SAN ANTONIO — Stop the scroll and take a stroll. It’s Mental Health Awareness Month and studies are revealing the correlations between excessive screen time and mental illness. According to a tech study by Asurion, Americans check their phones anywhere between 80 to 300 times each day, averaging more than 11 hours of screen time daily.  

Former Google Insider Tristan Harris claims as major tech companies like Facebook and YouTube upgrade technology, they’re downgrading humans. He told CBS This Morning, “People are seeing these things as disconnected: Outragification of our politics, teen addiction to mental health issues, social isolation—they’re all part of the business model of extracting human attention. The race for the bottom of the brain stem.”

According to Harris, the average attention span is only 40 seconds. This, he said, is the result of over-stimulation of the brain through excessive interacting with devices.

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“The beginning of mental health is simply taking care of the body by eating right, exercising, and getting enough sleep,” said Laillah Guice, a licensed professional counselor for The Steven A. Cohen Military Family Clinic at Endeavors.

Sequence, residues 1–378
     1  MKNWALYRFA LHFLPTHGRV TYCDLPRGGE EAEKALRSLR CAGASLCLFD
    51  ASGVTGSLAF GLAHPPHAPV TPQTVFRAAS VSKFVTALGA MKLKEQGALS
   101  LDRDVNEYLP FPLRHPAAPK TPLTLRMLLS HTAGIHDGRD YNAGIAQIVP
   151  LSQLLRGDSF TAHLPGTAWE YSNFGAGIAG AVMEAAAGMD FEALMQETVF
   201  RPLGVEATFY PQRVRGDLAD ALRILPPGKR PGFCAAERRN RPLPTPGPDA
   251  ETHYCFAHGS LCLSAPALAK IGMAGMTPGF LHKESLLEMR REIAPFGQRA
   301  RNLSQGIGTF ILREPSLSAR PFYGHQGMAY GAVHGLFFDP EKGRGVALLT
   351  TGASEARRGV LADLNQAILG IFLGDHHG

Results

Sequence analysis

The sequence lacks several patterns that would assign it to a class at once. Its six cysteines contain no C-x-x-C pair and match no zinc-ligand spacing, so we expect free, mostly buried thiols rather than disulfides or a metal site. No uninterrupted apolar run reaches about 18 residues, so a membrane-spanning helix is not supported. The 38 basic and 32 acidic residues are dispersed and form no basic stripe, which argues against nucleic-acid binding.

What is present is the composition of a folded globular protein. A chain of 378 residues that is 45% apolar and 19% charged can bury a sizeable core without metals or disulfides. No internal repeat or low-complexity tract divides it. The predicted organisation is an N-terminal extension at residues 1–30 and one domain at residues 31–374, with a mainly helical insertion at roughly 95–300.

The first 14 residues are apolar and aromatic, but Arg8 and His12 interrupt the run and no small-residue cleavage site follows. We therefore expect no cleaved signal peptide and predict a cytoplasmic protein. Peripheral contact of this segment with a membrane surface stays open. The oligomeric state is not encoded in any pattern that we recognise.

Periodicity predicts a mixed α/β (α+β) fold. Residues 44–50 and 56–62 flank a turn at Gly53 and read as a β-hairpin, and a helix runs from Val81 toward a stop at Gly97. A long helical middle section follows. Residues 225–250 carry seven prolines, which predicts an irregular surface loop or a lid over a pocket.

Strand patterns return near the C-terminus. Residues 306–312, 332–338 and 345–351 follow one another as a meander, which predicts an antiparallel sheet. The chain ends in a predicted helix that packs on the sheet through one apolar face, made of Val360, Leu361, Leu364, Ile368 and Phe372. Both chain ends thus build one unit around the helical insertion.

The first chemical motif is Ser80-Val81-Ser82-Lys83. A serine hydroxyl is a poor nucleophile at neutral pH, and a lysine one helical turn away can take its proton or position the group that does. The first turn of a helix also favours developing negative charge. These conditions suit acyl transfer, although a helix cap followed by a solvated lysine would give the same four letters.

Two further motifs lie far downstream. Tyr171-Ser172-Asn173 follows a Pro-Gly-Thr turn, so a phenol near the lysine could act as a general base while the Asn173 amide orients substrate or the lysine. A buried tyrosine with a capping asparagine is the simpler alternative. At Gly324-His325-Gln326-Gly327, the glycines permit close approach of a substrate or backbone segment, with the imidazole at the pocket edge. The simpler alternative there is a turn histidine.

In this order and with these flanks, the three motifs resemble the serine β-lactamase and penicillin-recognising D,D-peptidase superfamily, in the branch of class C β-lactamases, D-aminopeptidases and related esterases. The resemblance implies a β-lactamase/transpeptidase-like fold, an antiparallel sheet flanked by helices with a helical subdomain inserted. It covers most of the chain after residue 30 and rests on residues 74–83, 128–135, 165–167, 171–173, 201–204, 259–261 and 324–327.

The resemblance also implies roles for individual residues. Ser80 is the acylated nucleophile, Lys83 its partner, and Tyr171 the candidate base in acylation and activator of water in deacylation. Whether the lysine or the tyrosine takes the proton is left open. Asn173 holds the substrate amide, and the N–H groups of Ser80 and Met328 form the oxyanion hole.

Netflix CEO Reed Hastings said in a Recode article, “Netflix’s biggest competition is sleep.” Nothing botches binge-watching like a good snooze, which happens to be key to mental health. Harris’ complaints are against tech companies’ “unethical” pursuits of business expansion at the expense of consumers’ well-being. He claims there is a direct relationship between those companies’ stocks and consumers’ addiction to their platforms.

Former Facebook executive Chamath Palihapitiya admitted in a CNBC Squawk Box interview that even as the Social Capital founder and former senior executive of the social media giant, he doesn’t allow his own children any screen time for the sake of their development. Unplugging from devices and being in the moment was Guice’s advice.

“While you’re watching somebody live their life through something that may not be 100% real, it can be making you depressed and anxious, thinking you have to compare yourself to them. That can affect your mental health and how you think, how you feel, and how you act,” Guice said.

To learn more about mental health or to find help, visit


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